Men's Basketball: Race for MWC tightens
Lobos faces Nevada on Saturday at The Pit
The New Mexico men’s basketball team’s margin of error tightened with Wednesday night’s loss at Boise State, especially with a back-loaded schedule looming.
The Lobos face five games in their last seven against the three other teams leading the Mountain West standings: two against leader San Diego State, one at third-place UNLV and two more against fourth-place Nevada.
UNM faces all three within a week’s time, starting Saturday when Nevada comes to The Pit. A trip to Las Vegas, Nev., follows on Wednesday with a Feb. 22 home game against SDSU.
Those three teams have a combined 24-10 record to this point in the MW race. UNM’s remaining schedule includes a trip to sixth-place Utah State and a home game against 10th-place Air Force.
UNM (18-5, 9-2 MW) could have matched San Diego State’s conference record after Wyoming handed the Aztecs their first league loss on Tuesday, but the Lobos faced a Broncos squad looking to even its MW record to 6-6.
“It was on our minds,” forward Cameron Bairstow said, referring to the opportunity to match SDSU’s conference mark. “Obviously we wanted to win that game so we could be up there.”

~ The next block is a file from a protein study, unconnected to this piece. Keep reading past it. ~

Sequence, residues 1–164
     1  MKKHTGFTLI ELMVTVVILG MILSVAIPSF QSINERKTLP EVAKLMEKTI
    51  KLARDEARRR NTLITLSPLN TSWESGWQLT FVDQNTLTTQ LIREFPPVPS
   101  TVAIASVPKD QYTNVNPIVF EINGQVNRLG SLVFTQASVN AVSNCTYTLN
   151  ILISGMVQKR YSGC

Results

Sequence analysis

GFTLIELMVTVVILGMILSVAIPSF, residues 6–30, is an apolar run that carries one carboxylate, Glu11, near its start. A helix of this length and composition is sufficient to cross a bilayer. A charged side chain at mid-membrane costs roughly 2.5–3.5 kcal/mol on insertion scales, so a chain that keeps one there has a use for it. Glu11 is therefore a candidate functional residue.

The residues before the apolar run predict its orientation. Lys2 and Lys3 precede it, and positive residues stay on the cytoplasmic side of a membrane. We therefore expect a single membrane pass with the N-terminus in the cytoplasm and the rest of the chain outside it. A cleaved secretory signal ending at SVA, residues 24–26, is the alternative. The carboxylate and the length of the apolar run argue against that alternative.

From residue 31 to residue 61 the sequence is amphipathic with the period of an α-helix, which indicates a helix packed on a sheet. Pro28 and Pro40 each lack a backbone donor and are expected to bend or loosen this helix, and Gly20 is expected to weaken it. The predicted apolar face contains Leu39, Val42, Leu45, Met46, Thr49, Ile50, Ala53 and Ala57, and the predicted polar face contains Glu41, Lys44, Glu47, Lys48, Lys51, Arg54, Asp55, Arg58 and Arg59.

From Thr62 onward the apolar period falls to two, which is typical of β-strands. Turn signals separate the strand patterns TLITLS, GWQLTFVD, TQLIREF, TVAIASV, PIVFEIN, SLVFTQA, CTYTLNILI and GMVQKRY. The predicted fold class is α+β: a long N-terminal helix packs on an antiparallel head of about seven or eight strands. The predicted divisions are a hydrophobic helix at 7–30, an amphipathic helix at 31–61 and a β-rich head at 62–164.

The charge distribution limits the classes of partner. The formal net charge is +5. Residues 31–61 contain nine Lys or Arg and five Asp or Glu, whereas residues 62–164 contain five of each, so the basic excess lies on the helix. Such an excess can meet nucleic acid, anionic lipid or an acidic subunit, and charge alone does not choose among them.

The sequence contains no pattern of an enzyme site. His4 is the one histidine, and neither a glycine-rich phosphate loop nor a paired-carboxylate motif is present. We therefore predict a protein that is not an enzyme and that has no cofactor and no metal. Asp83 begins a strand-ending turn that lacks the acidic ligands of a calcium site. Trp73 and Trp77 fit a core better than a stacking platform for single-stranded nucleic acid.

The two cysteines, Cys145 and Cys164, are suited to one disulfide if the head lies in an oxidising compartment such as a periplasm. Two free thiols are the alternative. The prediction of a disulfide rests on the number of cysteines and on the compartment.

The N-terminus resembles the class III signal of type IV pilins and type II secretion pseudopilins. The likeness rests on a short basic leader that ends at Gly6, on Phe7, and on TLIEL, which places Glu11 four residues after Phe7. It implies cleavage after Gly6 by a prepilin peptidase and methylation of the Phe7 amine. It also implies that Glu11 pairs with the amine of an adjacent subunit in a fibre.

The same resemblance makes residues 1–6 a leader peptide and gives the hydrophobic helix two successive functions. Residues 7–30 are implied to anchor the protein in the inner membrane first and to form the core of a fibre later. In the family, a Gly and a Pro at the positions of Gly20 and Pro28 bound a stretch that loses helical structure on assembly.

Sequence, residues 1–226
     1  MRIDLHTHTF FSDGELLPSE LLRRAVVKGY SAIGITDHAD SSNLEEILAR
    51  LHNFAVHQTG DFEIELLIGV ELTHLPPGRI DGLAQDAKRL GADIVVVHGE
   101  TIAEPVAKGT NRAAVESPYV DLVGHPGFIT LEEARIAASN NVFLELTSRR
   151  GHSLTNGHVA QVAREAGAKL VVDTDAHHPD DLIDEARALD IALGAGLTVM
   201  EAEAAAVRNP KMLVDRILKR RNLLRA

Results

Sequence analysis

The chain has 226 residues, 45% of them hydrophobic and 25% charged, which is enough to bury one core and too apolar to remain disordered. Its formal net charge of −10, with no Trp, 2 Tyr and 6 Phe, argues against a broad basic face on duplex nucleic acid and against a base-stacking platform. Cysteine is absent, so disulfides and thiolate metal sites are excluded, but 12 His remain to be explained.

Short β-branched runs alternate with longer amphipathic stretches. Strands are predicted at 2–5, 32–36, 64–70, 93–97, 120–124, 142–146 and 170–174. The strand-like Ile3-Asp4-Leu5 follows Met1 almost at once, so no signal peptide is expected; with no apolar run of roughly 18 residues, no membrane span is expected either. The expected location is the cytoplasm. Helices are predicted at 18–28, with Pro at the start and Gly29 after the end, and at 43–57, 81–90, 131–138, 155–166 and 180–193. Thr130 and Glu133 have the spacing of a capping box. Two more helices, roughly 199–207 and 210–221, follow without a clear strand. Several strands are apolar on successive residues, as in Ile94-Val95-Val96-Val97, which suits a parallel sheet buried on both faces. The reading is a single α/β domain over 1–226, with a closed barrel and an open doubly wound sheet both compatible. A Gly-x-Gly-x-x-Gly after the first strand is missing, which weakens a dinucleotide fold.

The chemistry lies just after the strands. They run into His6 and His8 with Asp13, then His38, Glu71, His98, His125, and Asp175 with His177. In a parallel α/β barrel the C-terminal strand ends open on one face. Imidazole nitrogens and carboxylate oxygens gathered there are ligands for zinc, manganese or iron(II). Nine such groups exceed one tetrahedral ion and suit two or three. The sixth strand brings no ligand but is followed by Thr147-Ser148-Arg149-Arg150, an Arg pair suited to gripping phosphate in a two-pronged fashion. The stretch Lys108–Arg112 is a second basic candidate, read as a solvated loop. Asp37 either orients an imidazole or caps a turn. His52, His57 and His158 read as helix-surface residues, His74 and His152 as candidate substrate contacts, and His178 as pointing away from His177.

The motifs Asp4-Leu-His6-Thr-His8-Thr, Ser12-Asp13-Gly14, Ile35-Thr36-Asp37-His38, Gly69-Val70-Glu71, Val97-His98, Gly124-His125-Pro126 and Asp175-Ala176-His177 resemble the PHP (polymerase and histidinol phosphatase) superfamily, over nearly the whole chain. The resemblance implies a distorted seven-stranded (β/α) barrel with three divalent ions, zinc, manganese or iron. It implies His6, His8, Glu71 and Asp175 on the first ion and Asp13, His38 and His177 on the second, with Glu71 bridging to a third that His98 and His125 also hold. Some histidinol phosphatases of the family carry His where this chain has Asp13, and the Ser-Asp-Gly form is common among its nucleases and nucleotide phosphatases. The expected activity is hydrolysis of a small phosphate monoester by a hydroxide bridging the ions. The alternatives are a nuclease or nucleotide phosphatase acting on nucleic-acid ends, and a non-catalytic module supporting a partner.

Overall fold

The Lobos had not lost a MW road game until Wednesday night in Boise, Idaho, where they gave up an 11-point second-half lead.
UNM went undefeated in five straight games away from Albuquerque to start Mountain West play, marking the best conference road start in school history.
“We were 9-1 and could (have gone) 10-1 and tied for first place,” UNM head coach Craig Neal said. “That’s part of the process. It’s late in the year when that’s what matters. We just let one slip away here. We’ve just got to bounce back and play well on Saturday.”
Nevada opened the conference with a 7-2 record but has struggled lately with three straight losses to Utah State, SDSU and Fresno State. In each of those games the Wolf Pack gave up at least 73 points.
Prior to the skid, Nevada kept its MW opponents to roughly 64 points and three times gave up 70 points. Two of those games resulted in Wolf Pack wins, and one went into double-overtime.
Nevada’s remaining schedule is not as daunting as UNM’s. Aside from seeing the Lobos twice, the Wolf Pack have single games against winless San Jose State, Air Force, Boise State and UNLV, and they do not have a second game with SDSU.
The Wolf Pack, averaging 73 points through 25 games, feature the conference’s top scoring threat in Deonte Burton. The senior guard has 20.4 points per game and holds a slight edge on Bairstow for the conference lead. UNM’s senior forward averages 20.2 points per game and netted his 1,000th career point against Boise.
Bairstow, however, holds the scoring advantage on Burton with 20.3 points per game; Burton has 18.1 against conference foes.
Only SDSU’s Xavier Thames has scored more than Bairstow against MW teams, a 20.4 average.
“We just need to refocus and get back on the court come Saturday, ready to win,” Bairstow said. “We know there will be plenty of opportunities for us in the future to get this one back.”
Men’s Basketball vs. Nevada